In America, people think being South Asian is still kind of exotic. When you go outside New York and Chicago and L.A., there are people who have never tried Indian food... they've never even tasted it!
An artist's job is simply to take the mirror in front of your face and hold it there. It's not to give you any answers. It is simply to take that mirror and point it at you.
When you're brown and Indian, you get offered a lot of doctor roles.
The artist never really has any control over the impact of his work. If he starts thinking about the impact of his work, then he becomes a lesser artist.
I'm not really a food connoisseur.
I've always said I'm the worst representative of Muslim-Americans that's ever existed, because I've been inside more bars than mosques.
If you don't acknowledge differences, it's as bad as stereotyping or reducing someone.
In Britain, you never get away from the fact that you're a foreigner. In the U.S., the view is it doesn't matter where you come from.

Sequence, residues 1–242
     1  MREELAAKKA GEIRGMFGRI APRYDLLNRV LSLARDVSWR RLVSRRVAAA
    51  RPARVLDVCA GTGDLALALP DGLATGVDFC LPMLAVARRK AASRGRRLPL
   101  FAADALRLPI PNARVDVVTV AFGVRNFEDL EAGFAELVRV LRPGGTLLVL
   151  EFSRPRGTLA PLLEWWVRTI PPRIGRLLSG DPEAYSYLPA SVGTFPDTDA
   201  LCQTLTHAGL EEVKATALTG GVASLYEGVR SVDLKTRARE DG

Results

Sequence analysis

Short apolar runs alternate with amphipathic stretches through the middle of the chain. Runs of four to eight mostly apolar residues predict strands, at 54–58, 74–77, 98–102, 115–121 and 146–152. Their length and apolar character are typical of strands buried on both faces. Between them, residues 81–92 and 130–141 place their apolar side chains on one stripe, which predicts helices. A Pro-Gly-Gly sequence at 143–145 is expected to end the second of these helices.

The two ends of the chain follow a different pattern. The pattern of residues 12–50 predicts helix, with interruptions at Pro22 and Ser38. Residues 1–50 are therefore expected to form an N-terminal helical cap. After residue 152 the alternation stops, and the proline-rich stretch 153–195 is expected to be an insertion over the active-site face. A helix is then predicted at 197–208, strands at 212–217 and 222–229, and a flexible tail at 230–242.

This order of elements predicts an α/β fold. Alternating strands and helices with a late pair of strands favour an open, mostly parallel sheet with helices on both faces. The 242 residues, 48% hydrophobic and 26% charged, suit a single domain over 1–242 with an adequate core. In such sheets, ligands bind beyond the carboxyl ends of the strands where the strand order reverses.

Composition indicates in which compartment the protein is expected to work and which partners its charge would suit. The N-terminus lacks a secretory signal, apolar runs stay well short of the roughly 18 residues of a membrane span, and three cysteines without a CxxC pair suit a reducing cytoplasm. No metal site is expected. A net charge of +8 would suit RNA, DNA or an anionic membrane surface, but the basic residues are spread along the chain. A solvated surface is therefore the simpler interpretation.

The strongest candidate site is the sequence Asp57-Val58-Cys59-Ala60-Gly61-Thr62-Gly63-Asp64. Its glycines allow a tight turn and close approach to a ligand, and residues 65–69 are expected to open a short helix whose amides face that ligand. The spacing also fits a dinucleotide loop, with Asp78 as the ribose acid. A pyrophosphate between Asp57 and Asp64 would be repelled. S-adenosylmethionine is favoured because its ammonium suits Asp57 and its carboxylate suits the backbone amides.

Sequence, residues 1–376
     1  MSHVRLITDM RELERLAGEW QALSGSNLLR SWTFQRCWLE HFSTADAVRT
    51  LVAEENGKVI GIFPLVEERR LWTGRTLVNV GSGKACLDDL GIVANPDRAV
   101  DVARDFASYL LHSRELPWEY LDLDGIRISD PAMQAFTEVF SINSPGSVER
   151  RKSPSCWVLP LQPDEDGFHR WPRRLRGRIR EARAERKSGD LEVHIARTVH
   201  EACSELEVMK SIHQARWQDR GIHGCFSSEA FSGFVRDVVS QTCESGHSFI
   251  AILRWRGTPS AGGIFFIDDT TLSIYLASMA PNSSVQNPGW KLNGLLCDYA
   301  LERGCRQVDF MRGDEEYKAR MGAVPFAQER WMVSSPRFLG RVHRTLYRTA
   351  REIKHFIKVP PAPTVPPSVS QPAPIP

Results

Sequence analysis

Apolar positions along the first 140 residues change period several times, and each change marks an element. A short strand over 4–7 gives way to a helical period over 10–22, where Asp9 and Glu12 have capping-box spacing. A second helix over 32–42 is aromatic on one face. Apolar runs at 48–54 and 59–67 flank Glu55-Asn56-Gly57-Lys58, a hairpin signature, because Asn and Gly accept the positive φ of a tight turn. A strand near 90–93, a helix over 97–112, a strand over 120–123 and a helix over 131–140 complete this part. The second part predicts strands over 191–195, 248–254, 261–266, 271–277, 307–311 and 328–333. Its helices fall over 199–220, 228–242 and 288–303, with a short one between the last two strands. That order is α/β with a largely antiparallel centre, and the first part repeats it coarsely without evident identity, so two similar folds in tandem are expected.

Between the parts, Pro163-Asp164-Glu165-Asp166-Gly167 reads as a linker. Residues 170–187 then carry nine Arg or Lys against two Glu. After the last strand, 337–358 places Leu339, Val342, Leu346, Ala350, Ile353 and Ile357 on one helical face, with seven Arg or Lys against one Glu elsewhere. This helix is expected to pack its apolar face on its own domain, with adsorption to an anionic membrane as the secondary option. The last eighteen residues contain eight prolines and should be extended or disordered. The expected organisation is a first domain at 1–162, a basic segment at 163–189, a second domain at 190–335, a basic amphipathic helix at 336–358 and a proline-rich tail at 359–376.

The experience of being on a show that is very much in the center of popular culture is exciting. You really feel like you're reaching people.
I was born in India - but never really lived there.
I'm Muslim the way many of my Jewish friends are Jewish: I avoid pork, and I take the big holidays off.
People lament that there's no roles being written for South Asian or Muslim characters. But their parents don't want their children to go into the entertainment field. You don't get it both ways.
The great joy of doing 'The Daily Show' for me is that I get to sit on the fence between cultures. I am commenting on the absurdity of both sides as an outsider and insider. Sometimes I'm playing the brown guy, and sometimes I'm not, but the best stuff I do always goes back to being a brown kid in a white world.
I think Islam has been hijacked by the idea that all Muslims are terrorists; that Islam is about hate, about war, about jihad - I think that hijacks the spirituality and beauty that exists within Islam. I believe in allowing Islam to be seen in context and in its entirety and being judged on what it really is, not what you think it is.